The primary concern has to do with addressing the desire to actually convert legacy transactional data into Epicor’s database without compromising the historicity of the data itself, and without gumming up the system with a lot of noise.  It’s hard enough to correctly convert live records, much less to convert the mountains of ancient data.  From my own experience and from the experiences of my coworkers, we do not consider it a recommended best practice to convert historical transactional data into Epicor’s standard table structure when implementing Epicor ERP.   The following reasons underlay this recommendation:

  • When implementing or reimplementing, it is often the case that the base setup data values change, in terms of their naming conventions, quantity, values, etc.  This can make the transformation of legacy data labor-intensive and error-prone. 
  • ERP data is by its nature integrated.  Loading transactional records can trigger unexpected effects.  For instance, should an Epicor customer elect to import the Purchase Orders from the legacy environment, the system would plan for these POs to be received and alter system planning accordingly.  To avoid this, these records would need to be closed, but the data in question would therefore fail to reflect the original legacy data, in which Purchase Orders were closed through the receiving/invoicing process at a much earlier date. 
  • To load transactional data in the form in which it exists in the legacy environment, the entire collection of related records needs to be loaded.  For instance, if a customer wished to have purchase order history, to have representative data in the Epicor environment, the related PO Receipt and AP Invoice records would also need to be included.  This is, among other things, a tremendous amount of work. 
  • In some cases, Epicor’s business logic updates fields and does not allow these to be user-updated.  For instance, Sales Order or Purchase Order lines are system-set and not user-modifiable.  This makes it difficult to load historical data that accurately reflects the legacy data: what was PO Line 2 in the legacy system may get converted to PO Line 1, as it was the first line to be loaded.
  • Transactions have general ledger implications.  Loading transactions can thus have unexpected consequences that affect WIP, inventory, and their related GL accounts.  For instance, should the user import Purchase Order Receipt records, the transaction date would not by default reflect the actual date in which the transaction occurred.  Should the customer wish to date the transactions into the past, the necessary fiscal periods would need to be created.  If the load does not include all transactions, the General Ledger would be inaccurate, and would require effort to reconcile and correct. 

 

An alternative to performing a DMT table load into the standard tables is the utilization of Epicor UD tables to store this data.  This avoids many of the perils above, but requires the implementing customer to construct querying tools (BAQs and Dashboards) to retrieve and present this information.  Moreover, I’ve found that the actual usage of historical data tends to be less than anticipated.  In many cases, we have found that the actual usage of this data tends to decrease significantly shortly after cutover.  I recently had one customer go to great lengths to convert data to UD tables and construct the necessary querying tools to view the data—only to forget almost entirely about these capabilities amidst the booming buzzing confusion of cutover.  By the time they had settled down, they already had built enough living history into their database to move forward, and the UD tables were all but forgotten.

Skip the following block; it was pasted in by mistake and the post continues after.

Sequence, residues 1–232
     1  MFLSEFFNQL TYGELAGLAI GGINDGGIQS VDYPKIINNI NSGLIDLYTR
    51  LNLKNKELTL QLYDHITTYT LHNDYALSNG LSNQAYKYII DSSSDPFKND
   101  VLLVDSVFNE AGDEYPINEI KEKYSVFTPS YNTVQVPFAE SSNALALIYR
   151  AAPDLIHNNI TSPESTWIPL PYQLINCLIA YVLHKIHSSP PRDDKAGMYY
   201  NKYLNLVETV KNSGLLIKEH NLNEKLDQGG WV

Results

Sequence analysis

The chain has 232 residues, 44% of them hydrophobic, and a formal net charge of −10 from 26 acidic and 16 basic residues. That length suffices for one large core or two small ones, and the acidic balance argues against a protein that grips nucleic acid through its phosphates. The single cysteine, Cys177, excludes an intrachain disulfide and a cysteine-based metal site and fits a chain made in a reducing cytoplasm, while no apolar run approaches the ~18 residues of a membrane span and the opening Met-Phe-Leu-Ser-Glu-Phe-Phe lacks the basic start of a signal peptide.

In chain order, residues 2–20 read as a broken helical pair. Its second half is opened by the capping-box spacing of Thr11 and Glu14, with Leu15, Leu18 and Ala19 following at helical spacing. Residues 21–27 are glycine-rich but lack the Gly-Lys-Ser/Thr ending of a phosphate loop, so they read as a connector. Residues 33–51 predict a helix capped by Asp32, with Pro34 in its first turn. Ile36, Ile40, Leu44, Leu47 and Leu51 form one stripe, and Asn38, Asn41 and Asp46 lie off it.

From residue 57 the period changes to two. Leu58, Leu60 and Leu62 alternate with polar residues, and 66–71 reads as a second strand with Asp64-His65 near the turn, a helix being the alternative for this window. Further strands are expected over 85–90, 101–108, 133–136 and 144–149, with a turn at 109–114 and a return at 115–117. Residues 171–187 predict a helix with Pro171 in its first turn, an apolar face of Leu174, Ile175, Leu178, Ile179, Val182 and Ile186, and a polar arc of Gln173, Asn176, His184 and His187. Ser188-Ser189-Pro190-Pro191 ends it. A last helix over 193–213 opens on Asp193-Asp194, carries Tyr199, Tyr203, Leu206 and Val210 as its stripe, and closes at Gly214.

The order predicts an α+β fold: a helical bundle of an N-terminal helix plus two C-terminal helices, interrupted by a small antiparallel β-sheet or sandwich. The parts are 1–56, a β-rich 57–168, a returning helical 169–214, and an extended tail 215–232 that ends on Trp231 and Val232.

A final option is to access the legacy database using external data source connections and query it using external BAQs.  This option is normally the simplest of the three, as it saves the time of initially converting the data, though it similarly requires the construction of the necessary querying tools to receive and present the data.  Depending on the age and format of the legacy database, the external data source option might not be feasible.  As part of some implementations, I have seen customers convert their legacy databases into SQL format at cutover, for the express purpose of querying their ad hoc history via external BAQs.  In other cases, I’ve seen customers fall back to the UD table option when other options were seen as too labor-intensive.   

 

As such, given the other options, I recommend that the conversion of data at cutover be limited to master file and open transactions, and utilize external data source connections to the legacy database, and/or UD table conversion, in order to gain access to historical legacy data.